2021 ELECTIONS: WINNER
Cape Town’s youngest mayor yet, but an old DA hand – ‘excited’ Geordin Hill-Lewis is ready for the hot seat
By the end of November, DA MP Geordin Hill-Lewis will be sworn in as Cape Town’s mayor – the youngest mayor in the city’s history at 34.
Geordin Hill-Lewis said he was “very excited” about becoming Cape Town’s mayor. “There’s two weeks to go before the inauguration and before council starts, so there’s time to do preparation – there’s some time to catch up on sleep and there’s some time to really focus on priorities,” he told journalists this week.
On Thursday, results from the 2021 local government elections confirmed the DA won the most votes in the City (1,058,008 or 58,22%). As a result, the party has 153 seats, one of which will be taken by incoming mayor Hill-Lewis. This will be the fourth straight election victory for the DA in Cape Town since 2006.
At 34, Hill-Lewis, a resident of Edgemead in the city’s northern suburbs, will become the city’s youngest mayor to date, according to the DA.
According to a biography supplied by the party, Hill-Lewis holds a BCom in Politics, Philosophy and Economics (Honours) from the University of Cape Town. In addition, he has a Master’s in Economic Policy: Finance from the University of London.
According to a parliamentary profile, Hill-Lewis names Helen Zille, Tony Leon, Nelson Mandela, Tony Blair, Bill Clinton and Margaret Thatcher as his favourite politicians.
He might be only 34, but Hill-Lewis is a long-serving member of the DA, having been part of the first DA Students Organisation at UCT. He has also worked as chief of staff to Zille, a former Cape Town mayor and current DA chairperson. Hill-Lewis has been a DA MP since 2011, sitting on the oversight committees of public service and administration and trade and industry. In 2019, he became the DA’s shadow minister of finance.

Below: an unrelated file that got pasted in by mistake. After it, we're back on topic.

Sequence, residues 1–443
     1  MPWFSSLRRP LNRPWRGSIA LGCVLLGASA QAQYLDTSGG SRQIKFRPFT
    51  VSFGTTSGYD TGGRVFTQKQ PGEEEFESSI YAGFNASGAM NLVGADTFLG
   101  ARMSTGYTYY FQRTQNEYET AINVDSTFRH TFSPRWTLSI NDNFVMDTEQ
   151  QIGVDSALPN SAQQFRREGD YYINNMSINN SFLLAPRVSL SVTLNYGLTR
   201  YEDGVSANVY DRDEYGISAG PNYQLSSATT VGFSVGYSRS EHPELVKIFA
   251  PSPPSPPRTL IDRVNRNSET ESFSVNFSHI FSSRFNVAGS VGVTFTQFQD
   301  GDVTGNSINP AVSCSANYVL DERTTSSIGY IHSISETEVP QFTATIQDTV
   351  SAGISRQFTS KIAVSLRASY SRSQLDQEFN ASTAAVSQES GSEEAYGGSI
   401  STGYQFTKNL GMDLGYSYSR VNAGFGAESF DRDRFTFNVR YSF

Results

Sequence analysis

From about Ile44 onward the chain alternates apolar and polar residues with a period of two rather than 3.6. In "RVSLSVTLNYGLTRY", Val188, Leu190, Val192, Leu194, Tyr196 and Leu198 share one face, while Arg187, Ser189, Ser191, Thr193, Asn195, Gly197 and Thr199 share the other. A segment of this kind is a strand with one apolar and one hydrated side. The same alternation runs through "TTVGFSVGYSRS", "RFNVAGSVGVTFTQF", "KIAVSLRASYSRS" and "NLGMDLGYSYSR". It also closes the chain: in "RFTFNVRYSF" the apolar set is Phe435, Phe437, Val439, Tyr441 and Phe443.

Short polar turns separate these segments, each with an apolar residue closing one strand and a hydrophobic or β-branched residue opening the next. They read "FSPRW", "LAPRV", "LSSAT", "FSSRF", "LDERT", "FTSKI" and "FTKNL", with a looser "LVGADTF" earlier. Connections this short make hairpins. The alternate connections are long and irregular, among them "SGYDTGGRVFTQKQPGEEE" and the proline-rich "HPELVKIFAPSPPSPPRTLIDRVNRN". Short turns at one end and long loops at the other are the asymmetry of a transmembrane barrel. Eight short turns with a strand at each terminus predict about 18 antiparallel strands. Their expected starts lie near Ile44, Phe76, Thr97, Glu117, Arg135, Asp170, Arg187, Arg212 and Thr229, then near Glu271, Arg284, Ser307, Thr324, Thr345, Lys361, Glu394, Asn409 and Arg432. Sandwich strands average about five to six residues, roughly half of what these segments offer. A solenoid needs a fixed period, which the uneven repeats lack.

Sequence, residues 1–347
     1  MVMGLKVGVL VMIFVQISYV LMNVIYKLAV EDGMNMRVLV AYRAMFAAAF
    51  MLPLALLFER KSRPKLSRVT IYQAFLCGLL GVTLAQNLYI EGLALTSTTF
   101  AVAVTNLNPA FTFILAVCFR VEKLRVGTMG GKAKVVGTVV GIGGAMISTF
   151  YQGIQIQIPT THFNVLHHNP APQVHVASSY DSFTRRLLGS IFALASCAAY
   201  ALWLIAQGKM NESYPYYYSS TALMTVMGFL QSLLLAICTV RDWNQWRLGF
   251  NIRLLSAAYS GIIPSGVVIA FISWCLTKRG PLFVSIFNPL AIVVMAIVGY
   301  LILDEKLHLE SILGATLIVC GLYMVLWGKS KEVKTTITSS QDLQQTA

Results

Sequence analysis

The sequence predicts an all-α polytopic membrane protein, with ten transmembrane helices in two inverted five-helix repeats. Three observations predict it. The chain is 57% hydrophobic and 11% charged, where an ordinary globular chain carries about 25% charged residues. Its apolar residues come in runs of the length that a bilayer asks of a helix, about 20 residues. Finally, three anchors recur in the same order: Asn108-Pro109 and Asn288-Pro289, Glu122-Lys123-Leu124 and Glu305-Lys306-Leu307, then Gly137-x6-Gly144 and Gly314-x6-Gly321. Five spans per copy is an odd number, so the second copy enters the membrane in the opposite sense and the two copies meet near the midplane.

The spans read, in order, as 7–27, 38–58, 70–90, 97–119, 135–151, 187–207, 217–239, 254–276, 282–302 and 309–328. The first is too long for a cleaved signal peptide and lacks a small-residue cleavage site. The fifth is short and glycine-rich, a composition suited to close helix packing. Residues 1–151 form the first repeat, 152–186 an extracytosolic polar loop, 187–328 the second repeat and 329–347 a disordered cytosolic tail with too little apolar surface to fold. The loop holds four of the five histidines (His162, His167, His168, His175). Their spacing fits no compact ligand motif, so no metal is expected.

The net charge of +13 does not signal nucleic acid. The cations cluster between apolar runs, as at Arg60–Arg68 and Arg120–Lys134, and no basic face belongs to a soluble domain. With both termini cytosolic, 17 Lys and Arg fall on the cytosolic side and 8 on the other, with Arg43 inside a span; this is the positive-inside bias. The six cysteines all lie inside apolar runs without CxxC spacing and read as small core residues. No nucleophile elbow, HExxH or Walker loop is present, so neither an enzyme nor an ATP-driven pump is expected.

In Parliament, Hill-Lewis worked under DA parliamentary leaders Athol Trollip and Lindiwe Mazibuko, and party leader Mmusi Maimane.
Speaking to journalists, Hill-Lewis said voters gave the mandate to the DA for another five years and the party would be “doing more in Cape Town to protect residents from the consequences of failing basic services at a national level in electricity, safety and policing, in public transport”.
Another mandate would be to do more to improve the lives of the poorest of the poor in the city. “We want Cape Town to be a city of hope in South Africa that every person can be proud of, and we want to earn the faith and trust that our voters have shown us on Monday.”
See these Daily Maverick articles about the challenge Hill-Lewis inherits when it comes to policing:
And the state of Cape Town:
The ANC, which will be the official opposition in council, told Daily Maverick it accepted the elections as a “true reflection of the will of the people”. The party, through provincial head of communications Sifiso Mtsweni, congratulated Hill-Lewis: “We hope that in this term the DA-led City of Cape Town places the interests of every citizen of the city, especially the poor, in its confidence and that service delivery is accelerated. Ours is to continue to build on the electoral support we received and continue being an effective opposition in the city.”
GOOD’s mayoral candidate, Brett Herron, who has often clashed with Hill-Lewis over affordable housing and spatial planning in the city, congratulated the incoming mayor. He said the DA moved its position on issues such as the location of affordable housing (which led Herron to quit the party in 2018), “but in this campaign we have forced them to shift that position to an overt promise to use public land, including city land, to address spatial justice issues”.
Herron added that Hill-Lewis would need to deliver on election promises: “This will be the true test of his worthiness to be the mayor of this city… whether he can deliver what he promised unequivocally.
“He is a die-hard party insider so we have to assume that his commitments come with the support of the inner circle of the DA. Despite this he will still have to navigate the divisions within his caucus on issues of spatial and social justice. We will support any efforts he makes to deliver a more spatially and socially just city.” DM
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